“Meat cleaver.” (really?)
“The end of the match.” MORE
A short primer on "must-have" cigar accessories.
When learning the ins and outs of smoking premium cigars, as with any avocation, there are several accessories you must have to fully enjoy it. Bikers need helmets (at least in most states), target shooters need ammo (if you can find it these days), fishermen need hooks and lures. OK, you get it. So what about cigar smokers?
For storing your cigars, put a humidor at the top of your list. It doesn't have to be super fancy or expensive, but when stocked it should be at least 50% full, have a good seal, and a reliable humidification system. If you want to go state of the art, the humidification system should include a digital hygrometer/thermometer and a crystal-based humidifier. Additionally, you will need a calibration pack to accurately calibrate your hygrometer before seasoning your humidor. This will help prevent false readings when you check on your cigars.
Secondly, you need a cigar cutter to cut-off the closed end, or "head," of the cigar. There are several options available: single and double blade, punches, V-cutters, and scissors. Start with a double-blade cutter. It's the most commonly used and the most reliable for properly snipping the cap.
Once you're comfortable with the double blade, try some other types of cutters. You may even find that you like one type of cutter better than another, too. Whichever type of cutter you choose, don't skimp; buy a good one with really sharp blades.
As for lighting your cigars, go with a torch flame lighter. Most of them are highly wind-resistant, plus, they offer the best method for toasting your cigar. Torch lighters range from single to quadruple flame. A single flame will do the job as well as any, but if you smoke wide ring cigars, like 48 ring and wider, a dual or triple flame may be more in order.
You'll also need a can of multi-filtered, high-quality butane for refilling. The more times the fuel has been filtered, the cleaner the flame and the less gunk buildup in your lighter over time.
Finally, you need a cigar ashtray. There are a mind-boggling number of styles and sizes available. Choose the model that appeals to you, but try to find one that also has the following features: Two to four stirrups (for when you're smoking with friends). The stirrups should be wide enough to hold most any size cigar, and long enough so the cigar sits comfortably when placed down – at least 1½-inches. It should also have a bowl deep enough to hold at least two or four cigars-worth of ashes without overflowing.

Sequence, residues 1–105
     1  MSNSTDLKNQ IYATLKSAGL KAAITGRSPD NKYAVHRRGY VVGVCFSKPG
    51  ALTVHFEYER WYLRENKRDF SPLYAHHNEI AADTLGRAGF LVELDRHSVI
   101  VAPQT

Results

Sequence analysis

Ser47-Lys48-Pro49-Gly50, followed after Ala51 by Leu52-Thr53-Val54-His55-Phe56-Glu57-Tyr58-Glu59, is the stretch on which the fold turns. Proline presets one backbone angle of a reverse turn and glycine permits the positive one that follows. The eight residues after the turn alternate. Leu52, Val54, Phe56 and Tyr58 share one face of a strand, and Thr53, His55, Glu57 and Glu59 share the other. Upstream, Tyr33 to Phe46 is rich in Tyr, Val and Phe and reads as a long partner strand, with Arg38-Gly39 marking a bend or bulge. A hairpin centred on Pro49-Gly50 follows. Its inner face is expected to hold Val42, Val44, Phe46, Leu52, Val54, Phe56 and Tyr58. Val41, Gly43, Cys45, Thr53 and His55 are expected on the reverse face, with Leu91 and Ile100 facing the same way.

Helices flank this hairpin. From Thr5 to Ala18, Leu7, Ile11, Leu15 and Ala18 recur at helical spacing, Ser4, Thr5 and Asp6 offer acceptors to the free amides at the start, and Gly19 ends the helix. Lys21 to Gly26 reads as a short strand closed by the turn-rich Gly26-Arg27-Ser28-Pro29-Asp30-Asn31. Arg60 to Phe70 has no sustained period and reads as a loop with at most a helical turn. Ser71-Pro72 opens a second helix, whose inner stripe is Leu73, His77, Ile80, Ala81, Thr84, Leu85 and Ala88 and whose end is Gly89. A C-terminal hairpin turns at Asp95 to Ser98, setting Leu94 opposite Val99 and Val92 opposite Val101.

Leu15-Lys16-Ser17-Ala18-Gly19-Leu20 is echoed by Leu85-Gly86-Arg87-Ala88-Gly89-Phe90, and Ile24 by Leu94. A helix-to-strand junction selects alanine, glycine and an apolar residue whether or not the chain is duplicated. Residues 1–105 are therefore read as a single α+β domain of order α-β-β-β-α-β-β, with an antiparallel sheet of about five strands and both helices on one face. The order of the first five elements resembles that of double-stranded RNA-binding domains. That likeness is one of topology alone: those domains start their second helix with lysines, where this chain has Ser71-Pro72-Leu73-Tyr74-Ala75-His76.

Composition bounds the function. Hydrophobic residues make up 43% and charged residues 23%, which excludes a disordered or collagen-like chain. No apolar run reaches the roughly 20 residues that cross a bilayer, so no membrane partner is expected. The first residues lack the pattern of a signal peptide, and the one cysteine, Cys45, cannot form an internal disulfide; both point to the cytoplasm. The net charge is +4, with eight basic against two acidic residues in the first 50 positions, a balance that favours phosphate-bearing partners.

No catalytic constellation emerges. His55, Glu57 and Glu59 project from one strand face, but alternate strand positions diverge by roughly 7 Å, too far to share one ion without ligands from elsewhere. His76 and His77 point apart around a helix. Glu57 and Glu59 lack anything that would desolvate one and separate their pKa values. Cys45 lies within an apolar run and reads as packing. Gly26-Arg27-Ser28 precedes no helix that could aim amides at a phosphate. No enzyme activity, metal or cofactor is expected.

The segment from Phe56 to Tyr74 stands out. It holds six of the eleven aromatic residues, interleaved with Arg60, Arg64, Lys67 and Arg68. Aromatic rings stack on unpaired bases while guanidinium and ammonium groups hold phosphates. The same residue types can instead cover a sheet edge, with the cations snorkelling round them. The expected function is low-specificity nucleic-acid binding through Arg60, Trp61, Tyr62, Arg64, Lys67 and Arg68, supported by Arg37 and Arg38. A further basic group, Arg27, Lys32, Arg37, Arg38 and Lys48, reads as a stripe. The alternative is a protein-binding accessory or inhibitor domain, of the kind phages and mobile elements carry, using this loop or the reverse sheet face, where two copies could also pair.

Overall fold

That's all you need to enjoy your favorite cigars. Just add something to pair with them, some good company, and you're set. In a future post, we'll get into some other useful accessories.MORE
We all have preferences as to what cigars we smoke. People may prefer Maduro over Habano, Nicaraguan over Dominican or even Robusto over Panatela, but one of the most scrutinized specifications for choosing a cigar is short filler versus long filler. The difference between short filler and long filler may not seem too big, but in fact, it makes a dramatic difference if a cigar manufacturer chooses one over the other. Here is my two cents on the issue.
Think about the duration of your smoke. As the tobacco burns, smoke travels through the cigar taking with it subtle flavors, depositing them throughout the cigar. As you puff away, more and more smoke brings different flavors through, which will add to the complexity of the smoke the further along you get. Long filler is typically preferred in this case simply because the consistency and slow burn of long fillers helps bring the built up flavors through in the cigar.
Short filler, on the other hand, does not allow a natural complexity to occur within the cigar. Instead, short filler cigars use chopped tobacco to try and manually add complexity. Sometimes this works, but it usually is all for naught. Short filler contains more air between pieces of tobacco which causes the cigar to burn faster and hotter than long filler cigars. This can cause a taste of harsher burnt tobacco, eliminating any traces of complexity that may develop in a cigar.
Now it sounds like I am trashing short filler cigars, and I kind of am. To be quite honest, short filler cigars usually are made from leftover tobacco from the production of premium long filler cigars. But let me try and redeem them because there are outstanding short filler cigars on the market today which are well worth smoking, one being the Liga Privada Papas Fritas. The Papas Fritas is made using tobaccos from the T52 and Number 9, two of Drew Estates most popular cigars. The cigar offers an unbelievably full flavored and full bodied smoke for a lower price than the long filler premiums from which they are derived.
In my opinion, long filler cigars reign supreme. This isn’t to say there are no good short filler cigars on the market because there are. Like I said, the Papas Fritas is a hell of a cigar and is in fact one of my favorites. But if you want natural complexity, go with a long filler. If consistency in the flavor profile is up your ally, then go with a short filler cigar. At the end of the day, it really is a matter of personal preference.MORE